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5

Those log entries look like normal scanning activity. You can also notice that the scanner did not target your setup specifically, because multiple versions and directories are tried. And as you said, none of those actually exist in your setup. What I don't understand is, why does he use // rather than / That's likely a bug in their scanning software ...


5

I've solved it by generating a fake certificate that doesn't reveal domain name and adding it as a default one on the start of the config: server { listen 443 default; server_name _; ssl on; ssl_certificate /path/to/fake.crt; ssl_certificate_key /path/to/fake.key; return 403; } And yes, it requires a nginx ...


4

This appears to be a bot looking for common vulnerabilities in websites. Such bots are very commonly run by black-hat hackers to identify potential hacking targets. All websites get scanned by such bots regularly. It is unlikely to be an attack specifically targeted at you. The only useful defense is to make sure that you don't have any vulnerable web ...


4

There are two possible answers. Either: because vulnerability scanners are by their nature 'dumb', that is they are operating based on pre-configured logic, they will make a best guess at what could be wrong with something using the logic incorporated within the scanner's code and can make mistakes. For example, if the scanner is checking for a particular ...


3

The idea of fuzzing is to send data to the interface with not much intelligence: garbage, random input and so on. When you are using a vulnerability scanner, you usually test for well known problems. In the case of web applications: injections and so on. It is possible that a vulnerability scanner can include some sort of fuzzing as one of the tests it ...


3

It is very common to see the vulnerability scanner requests in the server logs. Default pages of all major web, database administration tools, Linux and Windows, are checked sooner or later, regardless of what you are actually using. The bots look for the default (unchanged) passwords. Bots also try to find other vulnerabilities and check maybe you use ...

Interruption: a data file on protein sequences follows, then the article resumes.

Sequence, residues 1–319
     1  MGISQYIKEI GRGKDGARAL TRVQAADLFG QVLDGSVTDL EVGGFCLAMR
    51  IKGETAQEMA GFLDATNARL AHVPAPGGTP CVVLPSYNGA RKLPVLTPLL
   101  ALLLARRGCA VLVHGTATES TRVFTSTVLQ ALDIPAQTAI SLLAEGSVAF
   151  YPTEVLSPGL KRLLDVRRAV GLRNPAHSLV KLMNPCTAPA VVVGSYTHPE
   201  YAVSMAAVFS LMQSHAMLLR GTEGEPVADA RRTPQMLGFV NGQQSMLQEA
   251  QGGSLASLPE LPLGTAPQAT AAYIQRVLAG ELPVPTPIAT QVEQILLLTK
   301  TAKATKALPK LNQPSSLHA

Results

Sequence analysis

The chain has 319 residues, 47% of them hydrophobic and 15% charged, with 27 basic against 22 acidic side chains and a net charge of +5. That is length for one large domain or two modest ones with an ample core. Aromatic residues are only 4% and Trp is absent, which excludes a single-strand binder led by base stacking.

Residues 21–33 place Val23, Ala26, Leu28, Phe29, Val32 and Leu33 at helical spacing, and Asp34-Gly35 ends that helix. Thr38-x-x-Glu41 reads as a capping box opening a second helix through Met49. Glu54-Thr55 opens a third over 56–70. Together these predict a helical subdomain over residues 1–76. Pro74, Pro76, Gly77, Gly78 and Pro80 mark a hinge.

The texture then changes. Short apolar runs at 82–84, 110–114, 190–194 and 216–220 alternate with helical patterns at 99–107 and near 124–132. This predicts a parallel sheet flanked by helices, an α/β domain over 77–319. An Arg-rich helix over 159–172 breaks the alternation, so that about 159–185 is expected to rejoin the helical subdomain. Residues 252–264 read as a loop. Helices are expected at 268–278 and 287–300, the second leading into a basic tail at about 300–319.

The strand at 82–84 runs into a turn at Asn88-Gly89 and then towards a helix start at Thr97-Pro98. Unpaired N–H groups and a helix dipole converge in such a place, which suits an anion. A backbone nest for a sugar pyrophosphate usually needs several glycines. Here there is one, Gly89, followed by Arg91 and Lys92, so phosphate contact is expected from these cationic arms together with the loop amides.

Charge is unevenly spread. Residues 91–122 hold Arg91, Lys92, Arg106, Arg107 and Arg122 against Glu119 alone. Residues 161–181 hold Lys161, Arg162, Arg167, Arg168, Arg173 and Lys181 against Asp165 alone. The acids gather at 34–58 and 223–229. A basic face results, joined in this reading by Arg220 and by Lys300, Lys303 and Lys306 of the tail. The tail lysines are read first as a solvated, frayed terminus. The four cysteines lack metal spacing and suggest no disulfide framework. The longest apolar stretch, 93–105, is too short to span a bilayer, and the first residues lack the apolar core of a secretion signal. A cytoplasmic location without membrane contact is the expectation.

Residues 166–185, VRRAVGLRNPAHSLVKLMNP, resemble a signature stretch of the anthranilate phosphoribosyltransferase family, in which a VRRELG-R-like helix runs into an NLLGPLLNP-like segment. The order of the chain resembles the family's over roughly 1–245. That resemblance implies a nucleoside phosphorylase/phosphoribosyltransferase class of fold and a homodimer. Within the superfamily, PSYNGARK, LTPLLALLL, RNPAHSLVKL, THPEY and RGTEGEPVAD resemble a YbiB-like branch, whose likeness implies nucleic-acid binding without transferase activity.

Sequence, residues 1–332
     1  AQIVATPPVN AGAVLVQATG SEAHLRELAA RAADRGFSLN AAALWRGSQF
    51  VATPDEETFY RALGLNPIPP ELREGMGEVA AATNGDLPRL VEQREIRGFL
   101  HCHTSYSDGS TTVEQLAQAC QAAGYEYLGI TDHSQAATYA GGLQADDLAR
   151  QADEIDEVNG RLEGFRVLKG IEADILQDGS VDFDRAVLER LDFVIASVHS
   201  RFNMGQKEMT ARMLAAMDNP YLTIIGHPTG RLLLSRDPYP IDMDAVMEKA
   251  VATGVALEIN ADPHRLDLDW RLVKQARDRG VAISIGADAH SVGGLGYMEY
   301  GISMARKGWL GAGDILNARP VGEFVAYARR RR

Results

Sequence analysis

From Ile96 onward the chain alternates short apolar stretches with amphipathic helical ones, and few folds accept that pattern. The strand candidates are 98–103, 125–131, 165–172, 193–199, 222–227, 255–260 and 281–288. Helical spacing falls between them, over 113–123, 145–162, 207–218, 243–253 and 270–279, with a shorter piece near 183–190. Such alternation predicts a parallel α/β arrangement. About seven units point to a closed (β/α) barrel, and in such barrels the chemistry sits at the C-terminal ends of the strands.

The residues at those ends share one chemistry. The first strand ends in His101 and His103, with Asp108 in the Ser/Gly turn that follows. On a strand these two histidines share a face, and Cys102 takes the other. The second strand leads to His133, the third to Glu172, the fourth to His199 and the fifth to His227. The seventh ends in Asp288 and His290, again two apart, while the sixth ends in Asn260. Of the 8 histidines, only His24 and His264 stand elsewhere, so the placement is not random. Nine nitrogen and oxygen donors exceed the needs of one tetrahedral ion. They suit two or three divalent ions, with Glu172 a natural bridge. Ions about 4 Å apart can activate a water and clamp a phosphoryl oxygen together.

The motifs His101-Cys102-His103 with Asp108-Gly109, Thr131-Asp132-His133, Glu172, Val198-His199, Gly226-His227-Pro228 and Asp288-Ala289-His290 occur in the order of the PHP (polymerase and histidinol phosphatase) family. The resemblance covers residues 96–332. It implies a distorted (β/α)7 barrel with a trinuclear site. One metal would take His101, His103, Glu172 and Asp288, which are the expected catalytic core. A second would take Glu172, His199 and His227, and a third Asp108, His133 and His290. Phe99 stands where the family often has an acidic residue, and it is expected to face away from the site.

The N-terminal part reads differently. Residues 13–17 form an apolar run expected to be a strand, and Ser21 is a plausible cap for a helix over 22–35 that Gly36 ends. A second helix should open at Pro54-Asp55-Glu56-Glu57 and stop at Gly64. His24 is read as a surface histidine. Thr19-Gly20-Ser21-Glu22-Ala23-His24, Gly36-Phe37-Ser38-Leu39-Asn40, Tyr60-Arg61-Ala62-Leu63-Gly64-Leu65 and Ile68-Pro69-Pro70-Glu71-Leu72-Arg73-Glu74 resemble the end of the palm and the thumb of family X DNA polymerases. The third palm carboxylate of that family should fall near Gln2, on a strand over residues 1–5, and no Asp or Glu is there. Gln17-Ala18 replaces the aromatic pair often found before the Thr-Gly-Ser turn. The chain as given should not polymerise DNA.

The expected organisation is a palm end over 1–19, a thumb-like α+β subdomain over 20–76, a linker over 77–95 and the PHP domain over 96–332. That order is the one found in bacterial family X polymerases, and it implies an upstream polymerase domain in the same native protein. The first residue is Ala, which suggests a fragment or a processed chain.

3

It is possible. WebInspect has had this feature since 2007 -- it may have been the first. Burp Suite Professional was also released that year with Spider and Scanner supporting runs simultaneously. Some tools like Netsparker do crawl first, but in this case I have found that you can install Netsparker, configure it, have it crawl, attack, and export results ...


2

The simple fact is that all automated web application scanning tools have a trade-off between false positives (flagging an issue when it's not present) and false negatives (not flagging an issue that is present) and they have to make a balance between the two as part of the product development. The way issues like the one you describe are generally coded is ...


1

Browsers don't submit anything after the hash character to the server. Anything after that character can only be access on the client side with JavaScript. Some vulnerability scanners (like burp suite) perform a static code analysis to see if the application is vulnerable to DOM-based cross-site scripting, for example. They generally don't execute ...


1

The scanner used was Netsparker, it self identified in the beginning of your log. https://www.netsparker.com That's the name of the scanner.


1

I'd add my opinion on this. Let's say you have an application to test (I am not including thick clients here as it's pure web application). The conditions on which the estimation might rely are: Considerable Items Number of URL's which could be fetched via Burp's Spider Number of Parameters which could be fetched via Burp's Engagement tools Number of ...



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